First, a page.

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Treatment outcomes of treatment-naive Hepatitis C patients co-infected with HIV: A systematic review and meta-analysis of observational cohorts. / Davies, Anna; Singh, Kasha; Shubber, Zara; duCros, Philip; Mills, Edward; Cooke, Graham; Ford, Nathan.

In: PLoS ONE, Vol. 8, No. 2, e55373, 2013.

Research output: Contribution to journalArticleResearchpeer-review

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T1 - Treatment outcomes of treatment-naive Hepatitis C patients co-infected with HIV: A systematic review and meta-analysis of observational cohorts

AU - Davies, Anna

AU - Singh, Kasha

AU - Shubber, Zara

AU - duCros, Philip

AU - Mills, Edward

AU - Cooke, Graham

AU - Ford, Nathan

PY - 2013

Y1 - 2013

N2 - Introduction: Co-infection with Hepatitis C (HCV) and HIV is common and HIV accelerates hepatic disease progression due to HCV. However, access to HCV treatment is limited and success rates are generally poor. Methods: We conducted a systematic review and meta-analysis to assess HCV treatment outcomes in observational cohorts. Two databases (Medline and EMBASE) were searched using a compound search strategy for cohort studies reporting HCV treatment outcomes (as determined by a sustained virological response, SVR) in HIV-positive patients initiating HCV treatment for the first time. Results: 40 studies were included for review, providing outcomes on 5339 patients from 17 countries. The pooled proportion of patients achieving SVR was 38 . Significantly poorer outcomes were observed for patients infected with HCV genotypes 1 or 4 (pooled SVR 24.5 ), compared to genotypes 2 or 3 (pooled SVR 59.8 ). The pooled proportion of patients who discontinued treatment due to drug toxicities (reported by 33 studies) was low, at 4.3 (3.3-5.3 ). Defaulting from treatment, reported by 33 studies, was also low (5.1 , 3.5-6.6 ), as was on-treatment mortality (35 studies, 0.1 (0-0.2 )). Conclusions: These results, reported under programmatic conditions, are comparable to those reported in randomised clinical trials, and show that although HCV treatment outcomes are generally poor in HIV co-infected patients, those infected with HCV genotypes 2 or 3 have outcomes comparable to HIV-negative patients. ? 2013 Davies et al.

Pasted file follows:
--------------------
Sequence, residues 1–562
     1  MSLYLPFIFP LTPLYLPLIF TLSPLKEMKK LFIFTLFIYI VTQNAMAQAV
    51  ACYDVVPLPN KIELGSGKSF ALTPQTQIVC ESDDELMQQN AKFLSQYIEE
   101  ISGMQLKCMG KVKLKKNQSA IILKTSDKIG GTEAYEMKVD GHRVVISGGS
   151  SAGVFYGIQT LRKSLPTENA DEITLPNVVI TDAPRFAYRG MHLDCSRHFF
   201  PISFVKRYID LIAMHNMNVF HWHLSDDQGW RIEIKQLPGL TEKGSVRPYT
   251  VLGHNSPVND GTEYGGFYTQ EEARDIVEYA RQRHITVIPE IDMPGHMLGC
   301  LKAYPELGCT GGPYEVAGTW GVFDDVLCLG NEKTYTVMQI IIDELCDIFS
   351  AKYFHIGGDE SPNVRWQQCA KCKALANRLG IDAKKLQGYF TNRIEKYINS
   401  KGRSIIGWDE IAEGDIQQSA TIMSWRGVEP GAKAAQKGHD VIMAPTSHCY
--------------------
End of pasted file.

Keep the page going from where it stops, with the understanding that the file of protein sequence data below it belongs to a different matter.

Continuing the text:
AB - Introduction: Co-infection with Hepatitis C (HCV) and HIV is common and HIV accelerates hepatic disease progression due to HCV. However, access to HCV treatment is limited and success rates are generally poor. Methods: We conducted a systematic review and meta-analysis to assess HCV treatment outcomes in observational cohorts. Two databases (Medline and EMBASE) were searched using a compound search strategy for cohort studies reporting HCV treatment outcomes (as determined by a sustained virological response, SVR) in HIV-positive patients initiating HCV treatment for the first time. Results: 40 studies were included for review, providing outcomes on 5339 patients from 17 countries. The pooled proportion of patients achieving SVR was 38 . Significantly poorer outcomes were observed for patients infected with HCV genotypes 1 or 4 (pooled SVR 24.5 ), compared to genotypes 2 or 3 (pooled SVR 59.8 ). The pooled proportion of patients who discontinued treatment due to drug toxicities (reported by 33 studies) was low, at 4.3 (3.3-5.3 ). Defaulting from treatment, reported by 33 studies, was also low (5.1 , 3.5-6.6 ), as was on-treatment mortality (35 studies, 0.1 (0-0.2 )). Conclusions: These results, reported under programmatic conditions, are comparable to those reported in randomised clinical trials, and show that although HCV treatment outcomes are generally poor in HIV co-infected patients, those infected with HCV genotypes 2 or 3 have outcomes comparable to HIV-negative patients. ? 2013 Davies et al.